Gretchen Kafoury passed away of natural causes on Friday, March 13 at the age of 72. Like others, Street Roots was sad to hear the news, and overcome with emotion to not only honor, but to carry on her work.
To say that Oregon lost a great leader seems inadequate. It is difficult to find the words that sufficiently encompass the deep and monumental work to which Gretchen dedicated her life.
From being an outspoken leader for gender equality in the 1960s and '70s to being a lifelong advocate for the poor, women’s rights and numerous other social justice causes — Gretchen walked the walk.
Gretchen co-founded the Oregon chapter of the National Organization for Women in 1970 and the Oregon Women’s Political Caucus in 1971. From 1977 to 1982 she served in the Oregon legislature as a state representative — working to support health care, mental health and domestic violence programs, among others.
In 1985 Gretchen was elected to the Multnomah County Commission where she continued her work on homelessness, mental health and health care, including teen health care centers. In 1991, she became a Portland City Commissioner, overseeing housing and community development and the arts until 1998.
However, Gretchen was more than a leader and a public servant. She was rabble rouser, a mother, a grandmother, a teacher, an organizer, a friend to the poor. She represents a Portland and an Oregon that generations of Oregonians will strive to become: a true mentor of social justice. When it came to advocating for affordable housing and people experiencing homelessness, she had this advice for Street Roots: “Don’t let anyone ever push you around.”
She was an educator, teaching at Portland State University’s School of Urban and Public affairs on the issues of homelessness and poverty.
She sat on nonprofit boards and was a philanthropist for many causes, including Street Roots.
Even in Gretchen’s last days she used her voice to advocate for the poor — asking the city to fulfill its goals of building affordable housing in the North Macadam urban renewal area. Just two weeks before Gretchen passed away she gave the following testimony at City Hall:
“I’m Gretchen Kafoury; retired, I thought. I’m here today like the Ghost of Christmas Past, and my job is to remind you. I’m Scrooge by the way (laughing), and everybody that has had to work with me, or for me, knows that’s the truth.”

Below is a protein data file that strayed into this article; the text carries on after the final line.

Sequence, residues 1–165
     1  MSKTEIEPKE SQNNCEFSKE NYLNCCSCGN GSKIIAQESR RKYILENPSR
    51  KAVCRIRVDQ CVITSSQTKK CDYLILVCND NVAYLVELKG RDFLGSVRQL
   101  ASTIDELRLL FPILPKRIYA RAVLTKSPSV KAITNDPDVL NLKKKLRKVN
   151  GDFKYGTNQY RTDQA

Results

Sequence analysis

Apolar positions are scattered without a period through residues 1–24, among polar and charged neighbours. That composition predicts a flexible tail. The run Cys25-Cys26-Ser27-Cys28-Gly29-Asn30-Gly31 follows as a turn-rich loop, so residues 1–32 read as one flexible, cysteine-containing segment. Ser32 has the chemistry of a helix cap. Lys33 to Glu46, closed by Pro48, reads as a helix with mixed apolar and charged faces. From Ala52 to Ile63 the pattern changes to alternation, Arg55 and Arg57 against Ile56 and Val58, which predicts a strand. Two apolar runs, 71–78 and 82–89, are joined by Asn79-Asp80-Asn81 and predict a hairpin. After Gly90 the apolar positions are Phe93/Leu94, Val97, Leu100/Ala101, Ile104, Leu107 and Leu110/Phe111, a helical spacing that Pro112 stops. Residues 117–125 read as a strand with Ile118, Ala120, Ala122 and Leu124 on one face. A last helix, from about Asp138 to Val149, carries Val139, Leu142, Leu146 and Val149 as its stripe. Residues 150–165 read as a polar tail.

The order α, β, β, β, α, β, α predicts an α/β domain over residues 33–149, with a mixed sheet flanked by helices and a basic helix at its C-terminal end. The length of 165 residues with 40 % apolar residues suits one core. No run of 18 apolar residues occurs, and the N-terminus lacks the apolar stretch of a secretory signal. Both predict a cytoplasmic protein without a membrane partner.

“The reason I feel like the Christmas past reminder is relevant is that commitments that we made have not been kept. Believe me, I know how hard this is. I still don’t think it’s enough (housing). Our little group of old timers, or old bats or whatever we call ourselves — we just don’t think that this is specific enough. There isn’t enough agreement as to what will be developed and when it will be developed, and we want to see more of that specificity. … I am just begging you to reserve this very critical tool. Like it or not, it is a critical tool that the city has to finance affordable housing. Use it wisely. These are precious resources and you have power to use them wisely.”
In some ways, Portland has lost one of its strongest social justice voices in the community. But Gretchen’s voice will live on forever in the work of her peers, her family, her students and the people who have dedicated their lives to make the community we live in a better place.
Remembering Gretchen will come in many forms as the months and years pass. What better way to honor her than being able to show bold action for people experiencing poverty and those less fortunate?
Gretchen would no doubt want us all to collectively carry on her work, but she also would want us to act in a meaningful way to create something of substance for those in need. Possibly that’s something like an ongoing Gretchen Kafoury Housing and Homelessness Fund or vowing to never again fall short of the goals we set to build housing for those in need. Gretchen’s life was spent giving people experiencing homelessness and poverty a fighting chance. What better way to honor her than by having people have safe places to call home for generations to come.
Whatever we do, collectively, we must raise the bar, to dig a little deeper inside, for each and every one of us to go the extra mile and to make the work we all do count. Gretchen wouldn’t want it any other way.
Thank you for the memories, but most of all, thank you for a life well lived and everything you have given us. Onward, Portland.
Gretchen Kafoury's memorial service will be held at the First Congregational Church (1126 SW Park Ave. in Portland) at 2:00 on Saturday, April 4th. All who knew her, or were benefited by her work are welcome.